Student or Learner
I read that "jock" means sports guy who is arrogant, stupid and only dates with cheerleaders, which has a negative image. In japan, sports-oriented people have a pretty good image like a hard worker, persistent, patient etc. I wonder if any expressions meaning sports-oriented person with such a good image exist. If any, please inform me.
I'm not from the US, so I can't really comment on the connotations of 'jock'. UrbanDictionary sheds some light on it though:
The others sort of follow that pattern. So, I think that jock does have some negative connotation. Creating stereotypes is never a good thing to do. As for something non-negative - athelete, sports enthusiast, sporty.To clear things up, there is a major difference between a jock and athletes. Jocks tend to abuse their popularity, while the athletes don't really mind who they talk to or hang out with.
Signs of a jock: Rude, arrogant, stupid, beats up people, dates only cheerleaders and hangs around other jocks
Signs of a true athlete: Love their sport, try to stay down-to-earth (a little arrogance is expected), hang out with whoever they want, date whoever they want, might beat people up but that doesn't mean it was uncalled for.
The Corinthians were a football team (soccer) who were amateurs (gentlemen) who followed not just the letter but the spirit of sport: for instance if an opponent was injured, they would remove one of their own players to balance things out. If they conceded a penalty, then the goal keeper would make no attempt to save the free kick. There is still a Corinthian League. I think there are a lot of words for sportsmen that are positive, like champion and master, both of which are more than about winning and losing. Sportsmen refer to their behaviour as "professional", which means more than just being paid. The term Olympian is sporting, although it implies god-like. Victor Laudorum, is a latin term for worthy winner. In England, the word "Jock" is a slang term for Scotsman, and should be avoided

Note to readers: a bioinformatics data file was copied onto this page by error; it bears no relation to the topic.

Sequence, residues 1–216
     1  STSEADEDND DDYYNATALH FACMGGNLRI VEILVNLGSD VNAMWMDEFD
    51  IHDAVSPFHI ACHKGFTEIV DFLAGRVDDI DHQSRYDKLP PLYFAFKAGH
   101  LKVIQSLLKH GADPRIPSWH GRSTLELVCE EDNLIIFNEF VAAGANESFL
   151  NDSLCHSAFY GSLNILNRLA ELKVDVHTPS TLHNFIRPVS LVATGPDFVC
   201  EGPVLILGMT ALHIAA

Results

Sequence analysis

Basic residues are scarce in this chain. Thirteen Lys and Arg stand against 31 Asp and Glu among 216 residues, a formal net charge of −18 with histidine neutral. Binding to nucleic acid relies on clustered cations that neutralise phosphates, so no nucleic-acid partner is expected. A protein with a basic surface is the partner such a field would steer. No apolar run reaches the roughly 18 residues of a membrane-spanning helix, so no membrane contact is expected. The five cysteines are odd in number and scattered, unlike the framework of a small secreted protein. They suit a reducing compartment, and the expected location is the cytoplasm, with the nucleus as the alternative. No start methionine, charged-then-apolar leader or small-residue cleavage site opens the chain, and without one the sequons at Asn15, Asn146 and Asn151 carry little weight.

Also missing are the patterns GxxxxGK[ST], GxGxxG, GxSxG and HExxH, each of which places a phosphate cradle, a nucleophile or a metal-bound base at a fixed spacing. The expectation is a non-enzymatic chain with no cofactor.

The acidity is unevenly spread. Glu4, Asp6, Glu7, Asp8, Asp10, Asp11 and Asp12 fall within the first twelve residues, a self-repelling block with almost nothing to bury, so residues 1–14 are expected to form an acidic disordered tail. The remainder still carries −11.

"Jock" is a slang term for "athlete" and does not necessarily suggest the person is not serious about his/her sport but a more refined term to refer to a person (male or female) who particpates in sports is "athlete".
The opposite of a jock would be a nerd.
Check out the early movies starring Patrick Dempsey for examples of these.
Another word for "jock" would simply be the dictionary word of athlete. That word may sound more suitable for describing a person who plays sports without the negativity that some perceive from jock.
"Jock" certainly does have a negative connotation, suggesting a person (exclusively male) who is recognized exclusively for his athletic prowess rather than for his intellectual abilities. The term derives from that protective accessory known as an "athletic supporter" (i.e., a jockstrap).
I don't know if there is a true opposite, though "nerd" does come close, being one who is exclusively intellectual (typically focused on a single discipline, such as computers), not at all athletic.
Jocks tend to believe they are universally admired. Nerds typically demonstrate a high degree of social ineptitude.
There are so many degrees of nerd. I was not at all athletic in high school, but neither would anyone call me a true nerd. Not at all interested in sports, I did well academically, but my focus was on my band. I found it humorous that those who ignored me and my bandmates because we weren't jocks would gladly pay admission to venues where we performed, even to the point of being "fans" (and the sole source of a good income for high school students of the day). Poetic justice, as it were.
In Great Britain "Jock" does not refer to an athlete, it is an American term. In Great Britain, "Jock" is used to refer to someone from Scotland and it is perfectly normal to use, just as Paddy is someone from Ireland and Taff someone from Wales, people from these countries also accept that these terms as the norm. For example when there is a Rugby or Football (soccer) match it's often used we're playing the Jocks.
Same as people from Great Britain refer to Americans as Yanks.
Hope this helps